Tuesday August 18, 2020
Opportunity for different groups in Winnipeg's African community to come together
There were eight teams representing eight different African countries participating in the 2020 Manitoba African Cup of Nations. (Travis Golby/CBC)
It's not every day that a local sports tournament plays eight different national anthems as participating athletes take the field.
All this summer, soccer players living in Winnipeg but hailing from all over the continent of Africa have taken part in the Manitoba African Cup of Nations tournament at Canadian Mennonite University, with the latest game on Sunday.The annual event started last year with just four teams representing different nations — Ghana, Senegal, Eritrea and the Democratic Republic of Congo — but has doubled in size since 2019, according to the founder.
"Back then we were just playing friendly games with other different kinds of communities," Gode Katembo said.
"I thought, this would be a great opportunity to see how we can bring African communities together."
The tournament director, Seidu Mohammed says the uptake among African Winnipeggers has been incredible.
Seidu Mohammed and Gode Katembo organized the Manitoba African Cup of Nations soccer tournament to unite people from different African nations. (Travis Golby/CBC)
"Africans, we love soccer, we play soccer, that's what entertains us," he said.
For those involved, it's more than just a soccer tournament, though.
Although soccer is very popular across Africa, that shared love doesn't always translate to interconnected communities, Katembo said.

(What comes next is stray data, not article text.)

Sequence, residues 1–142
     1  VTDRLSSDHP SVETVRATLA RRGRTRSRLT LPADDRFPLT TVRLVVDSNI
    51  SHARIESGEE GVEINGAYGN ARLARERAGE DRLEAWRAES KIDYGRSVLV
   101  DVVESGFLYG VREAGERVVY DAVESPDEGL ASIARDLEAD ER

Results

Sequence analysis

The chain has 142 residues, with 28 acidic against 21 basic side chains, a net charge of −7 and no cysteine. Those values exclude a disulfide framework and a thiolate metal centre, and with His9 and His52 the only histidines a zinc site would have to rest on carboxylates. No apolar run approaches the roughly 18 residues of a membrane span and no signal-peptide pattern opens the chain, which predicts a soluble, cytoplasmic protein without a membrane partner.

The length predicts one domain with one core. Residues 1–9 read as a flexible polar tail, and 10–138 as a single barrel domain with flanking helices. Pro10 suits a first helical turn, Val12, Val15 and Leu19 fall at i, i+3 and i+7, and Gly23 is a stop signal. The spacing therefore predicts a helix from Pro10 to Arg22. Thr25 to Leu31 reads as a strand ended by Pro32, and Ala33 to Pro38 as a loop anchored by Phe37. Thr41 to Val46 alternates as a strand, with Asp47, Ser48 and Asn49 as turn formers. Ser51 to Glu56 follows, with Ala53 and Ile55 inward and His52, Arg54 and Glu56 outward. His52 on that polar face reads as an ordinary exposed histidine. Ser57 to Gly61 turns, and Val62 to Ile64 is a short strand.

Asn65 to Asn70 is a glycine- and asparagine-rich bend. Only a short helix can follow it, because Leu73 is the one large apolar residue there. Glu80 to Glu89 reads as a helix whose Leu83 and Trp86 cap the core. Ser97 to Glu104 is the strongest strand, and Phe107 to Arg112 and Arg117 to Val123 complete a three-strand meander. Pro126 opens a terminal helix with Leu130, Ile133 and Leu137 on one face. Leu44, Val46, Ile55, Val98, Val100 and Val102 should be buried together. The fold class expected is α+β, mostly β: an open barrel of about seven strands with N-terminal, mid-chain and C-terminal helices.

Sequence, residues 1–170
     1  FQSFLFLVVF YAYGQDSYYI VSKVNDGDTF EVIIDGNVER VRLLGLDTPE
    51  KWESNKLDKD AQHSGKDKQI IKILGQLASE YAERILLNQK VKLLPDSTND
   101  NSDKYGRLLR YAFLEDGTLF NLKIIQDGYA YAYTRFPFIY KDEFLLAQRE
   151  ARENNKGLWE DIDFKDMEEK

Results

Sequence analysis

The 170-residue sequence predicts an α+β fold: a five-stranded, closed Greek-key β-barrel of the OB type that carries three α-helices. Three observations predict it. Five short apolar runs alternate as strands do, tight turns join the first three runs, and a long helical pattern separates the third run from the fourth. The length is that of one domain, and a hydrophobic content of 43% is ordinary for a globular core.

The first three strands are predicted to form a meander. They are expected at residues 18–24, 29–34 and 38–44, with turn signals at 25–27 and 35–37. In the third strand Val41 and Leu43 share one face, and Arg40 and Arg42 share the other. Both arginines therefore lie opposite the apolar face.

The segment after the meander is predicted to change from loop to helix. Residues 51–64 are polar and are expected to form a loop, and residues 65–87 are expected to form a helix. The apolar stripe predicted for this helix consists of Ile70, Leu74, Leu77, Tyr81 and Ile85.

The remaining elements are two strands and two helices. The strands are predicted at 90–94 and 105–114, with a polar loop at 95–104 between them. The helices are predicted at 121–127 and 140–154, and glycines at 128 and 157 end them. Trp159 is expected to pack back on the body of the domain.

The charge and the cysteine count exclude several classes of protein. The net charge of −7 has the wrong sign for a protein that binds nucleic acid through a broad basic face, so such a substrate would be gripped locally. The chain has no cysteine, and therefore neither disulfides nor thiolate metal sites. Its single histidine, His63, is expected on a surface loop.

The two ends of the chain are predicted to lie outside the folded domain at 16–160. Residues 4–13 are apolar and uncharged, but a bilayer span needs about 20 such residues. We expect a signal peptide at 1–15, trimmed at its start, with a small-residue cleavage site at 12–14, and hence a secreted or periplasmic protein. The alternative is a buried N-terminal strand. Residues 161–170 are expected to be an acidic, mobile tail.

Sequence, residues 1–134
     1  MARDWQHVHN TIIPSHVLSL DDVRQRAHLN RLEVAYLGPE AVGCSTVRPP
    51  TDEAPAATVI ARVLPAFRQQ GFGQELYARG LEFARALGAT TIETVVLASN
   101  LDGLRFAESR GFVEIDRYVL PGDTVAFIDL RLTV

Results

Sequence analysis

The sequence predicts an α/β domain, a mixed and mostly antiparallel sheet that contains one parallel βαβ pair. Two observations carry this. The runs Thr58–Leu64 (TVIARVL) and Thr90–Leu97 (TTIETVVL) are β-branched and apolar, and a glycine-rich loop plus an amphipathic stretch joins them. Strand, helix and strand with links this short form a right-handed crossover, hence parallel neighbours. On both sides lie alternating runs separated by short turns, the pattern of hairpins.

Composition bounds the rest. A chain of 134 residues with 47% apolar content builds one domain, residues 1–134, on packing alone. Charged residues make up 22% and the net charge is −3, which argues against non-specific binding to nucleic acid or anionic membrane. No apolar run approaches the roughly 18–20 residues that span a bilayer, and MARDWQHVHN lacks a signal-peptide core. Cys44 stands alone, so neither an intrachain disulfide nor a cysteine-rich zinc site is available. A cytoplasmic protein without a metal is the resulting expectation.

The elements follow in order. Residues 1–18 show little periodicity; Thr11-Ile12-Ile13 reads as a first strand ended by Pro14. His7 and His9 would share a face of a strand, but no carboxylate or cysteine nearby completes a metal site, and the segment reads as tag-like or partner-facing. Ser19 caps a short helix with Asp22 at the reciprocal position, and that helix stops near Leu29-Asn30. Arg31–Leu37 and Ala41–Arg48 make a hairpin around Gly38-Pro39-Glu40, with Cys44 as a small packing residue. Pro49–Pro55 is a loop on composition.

"A lot of these African communities were not really together for political views, religion or different reasons why they are not connected … soccer or football is what can bring all people together," Katembo says.
"Soccer is universal, you know, it's a sport that we all can understand."
The team representing the Democratic Republic of Congo took on the Nigerian team on Sunday. (Travis Golby/CBC)
Mohammed says it's also a way for people who have experienced hardships in their home countries and here in Winnipeg to unite.
"We just want to rise again because of the challenges that African communities are facing like racism and discrimination," he said.
"It's all part of bringing our African communities together."
In 2021, Mohammed and Katembo hope to expand the roster of teams to include even more of the local African community, including ones representing Somalia, Algeria, Egypt and Morocco.